During the past week the reporters at the National have written a series of articles about the state of education in the UAE. This is the second year where The National has focused on education its challenges and presenting possible solutions. In particular I would like to focus on the freeze on higher education funding.
Melanie Swan in a June 23rd article titled “Universities to start year with Dh428m funds shortfall” reported the folowing:
The Ministry of Finance has submitted a budget to Cabinet that will give the universities less than their entitlement under a formula drawn up by the Ministry of Higher Education and Scientific Research in 2008.
Worst hit will be the Higher Colleges of Technology (HCT), the largest with 17 campuses, which will be short Dh333m, or 25.8 per cent .
Zayed University will be Dh32m, or 8 per cent, below its calculated figure. United Arab Emirates University, the leading federal institution in terms of research, will be short Dh63m, or 4.5 per cent. Sources at the universities say the amount has been calculated without consultation. They say places may have to be cut, campuses closed and courses decreased as the number of teachers cannot meet the growing number of students.
The funding required by HCT is based on its 19,000 students in the 2010-2011 year. The cut comes as the number of students is expected to grow in October by 3,000. “I don’t know how we’ll cope if we don’t get more financial support,” one academic said. “We are already stretched … we’re running out of space and numbers will be unmanageable if something isn’t done soon.”
Since 2009, sources say, there have been more than 20 meetings between officials from the Ministry of Finance, Ministry of Presidential Affairs and Ministry of Higher Education and Scientific Research, to try to resolve the funding formula issues.
In 2008, the Cabinet approved a student-based funding model to help universities plan resources, with a higher education co-ordinating council (HECC) to run the system.
The Ministry of Finance, the Ministry of Presidential Affairs and the HECC agreed the model would be updated every two to three years.
In December 2009, the Cabinet approved total funding of Dh2.5 billion based on its funding formula. This, say university sources, was the last time it was fully applied. In 2009-2010, the amount submitted by the Ministry of Finance was about Dh140m less than requested by the Minister for Higher Education and approved by the Cabinet.
“There are so many ministries involved that it makes decision-making very complicated,” a government source said. “The Ministry of Finance wants semester-based funding but the institutions do it on an annual basis and incur annual costs.”
As you can see HCT will have the greatest challenge in making the budget. They have little choice but to provide a seat for every student which means up to 22,000 may enter the upcoming term. While HCT & others can and should make the entire operation more efficient which would save some money, it does not seem reasonable they can provide a quality level of instruction with less money.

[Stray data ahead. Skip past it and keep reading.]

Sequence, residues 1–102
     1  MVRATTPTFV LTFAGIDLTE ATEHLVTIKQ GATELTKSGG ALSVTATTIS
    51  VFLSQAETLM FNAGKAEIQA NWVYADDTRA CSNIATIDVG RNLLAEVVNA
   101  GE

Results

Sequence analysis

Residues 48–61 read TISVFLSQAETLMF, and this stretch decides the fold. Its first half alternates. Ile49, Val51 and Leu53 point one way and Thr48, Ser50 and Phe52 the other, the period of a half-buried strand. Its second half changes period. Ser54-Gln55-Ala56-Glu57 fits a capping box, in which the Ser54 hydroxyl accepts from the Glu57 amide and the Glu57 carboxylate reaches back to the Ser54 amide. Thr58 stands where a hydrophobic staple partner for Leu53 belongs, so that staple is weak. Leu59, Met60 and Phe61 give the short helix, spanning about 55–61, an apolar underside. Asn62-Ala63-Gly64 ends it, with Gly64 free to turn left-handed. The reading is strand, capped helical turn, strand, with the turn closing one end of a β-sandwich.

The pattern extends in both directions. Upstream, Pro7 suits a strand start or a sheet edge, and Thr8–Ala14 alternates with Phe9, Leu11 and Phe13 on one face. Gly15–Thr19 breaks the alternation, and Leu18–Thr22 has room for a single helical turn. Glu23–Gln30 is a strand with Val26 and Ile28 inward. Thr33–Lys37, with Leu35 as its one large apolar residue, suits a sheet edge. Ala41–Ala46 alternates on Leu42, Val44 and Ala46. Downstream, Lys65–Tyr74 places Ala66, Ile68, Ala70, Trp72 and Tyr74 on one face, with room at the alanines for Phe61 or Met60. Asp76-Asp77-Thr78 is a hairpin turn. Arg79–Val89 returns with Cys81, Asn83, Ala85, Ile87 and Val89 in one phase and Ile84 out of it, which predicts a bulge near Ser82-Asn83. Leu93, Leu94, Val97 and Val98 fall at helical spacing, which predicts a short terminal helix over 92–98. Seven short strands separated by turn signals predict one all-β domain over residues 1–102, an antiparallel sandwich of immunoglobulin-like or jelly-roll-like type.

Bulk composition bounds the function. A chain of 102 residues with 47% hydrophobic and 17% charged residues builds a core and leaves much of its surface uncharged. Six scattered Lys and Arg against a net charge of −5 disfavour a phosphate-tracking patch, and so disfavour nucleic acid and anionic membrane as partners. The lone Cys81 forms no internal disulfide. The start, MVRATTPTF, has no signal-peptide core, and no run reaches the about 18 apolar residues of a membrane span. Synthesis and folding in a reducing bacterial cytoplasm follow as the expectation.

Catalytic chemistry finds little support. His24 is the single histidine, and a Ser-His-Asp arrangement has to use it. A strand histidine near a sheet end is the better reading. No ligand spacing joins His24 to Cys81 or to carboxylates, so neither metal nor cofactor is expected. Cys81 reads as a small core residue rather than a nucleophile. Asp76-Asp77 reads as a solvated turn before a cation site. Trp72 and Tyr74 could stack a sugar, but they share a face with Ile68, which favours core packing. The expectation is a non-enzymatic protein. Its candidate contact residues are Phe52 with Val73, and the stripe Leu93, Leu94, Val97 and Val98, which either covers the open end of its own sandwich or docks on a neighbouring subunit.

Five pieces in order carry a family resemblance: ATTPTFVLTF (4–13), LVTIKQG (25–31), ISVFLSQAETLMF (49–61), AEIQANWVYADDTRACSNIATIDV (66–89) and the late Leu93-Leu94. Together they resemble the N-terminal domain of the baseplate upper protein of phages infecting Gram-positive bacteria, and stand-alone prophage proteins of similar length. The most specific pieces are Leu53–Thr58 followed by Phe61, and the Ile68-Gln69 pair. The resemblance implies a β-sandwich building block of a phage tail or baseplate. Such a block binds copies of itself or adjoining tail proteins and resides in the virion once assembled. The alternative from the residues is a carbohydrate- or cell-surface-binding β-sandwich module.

What alternatives do institutions like HCT have when funding is not sufficient? Perhaps close campuses in the rural Western Region to save some money. This is of course not fair to the students who live in the region and in all likelihood would not go to college. Perhaps, increase the student/teacher ratio from 16 or 20 to 1, to a 25 or 30 to 1. This method dilutes the ability of faculty to work closely with first year & second year students who are mostly not prepared for higher ed courses & would increase the drop-out rate. Another method is to deferred admission of thousands of freshman until the January 2012 term begins and they can fill in the slots of the students who dropped out. This option can be used but again the game plan to be successful means you would hope students fail or drop out due to lack of encouragement & guidance. It also means many students will becoming disenchanted and not go to college.
The federal higher education institutions provide higher/further education for nearly 40,000 Emirati’s. They will be the majority of the next generation workforce. It is difficult for the private, health, & education sector to find UAE National employees (especially men) at this juncture in history. Budget cuts or freezes further adds to the dilemma.
The UAE correctly has stated, it will move to a knowledge based economy in the upcoming years, yet with funding freezes in higher ed it seems this goal will not be achieved. By all means encourage and implement steps to improve the efficiency of the three federal institutions. Look at ways where they can save money via co-op buy educational products, better use of multi-casting & video conferencing to reduce travel and re-deploy staff. Maybe fewer extravagant events will help save cash & I’m sure there are other ways. However, fully fund the formula program designed in 2008 which would improve the quality of education and reduce drop-outs. Don’t take the same path many states in the USA are currently taking in order to balance the budget. They are damaging their future.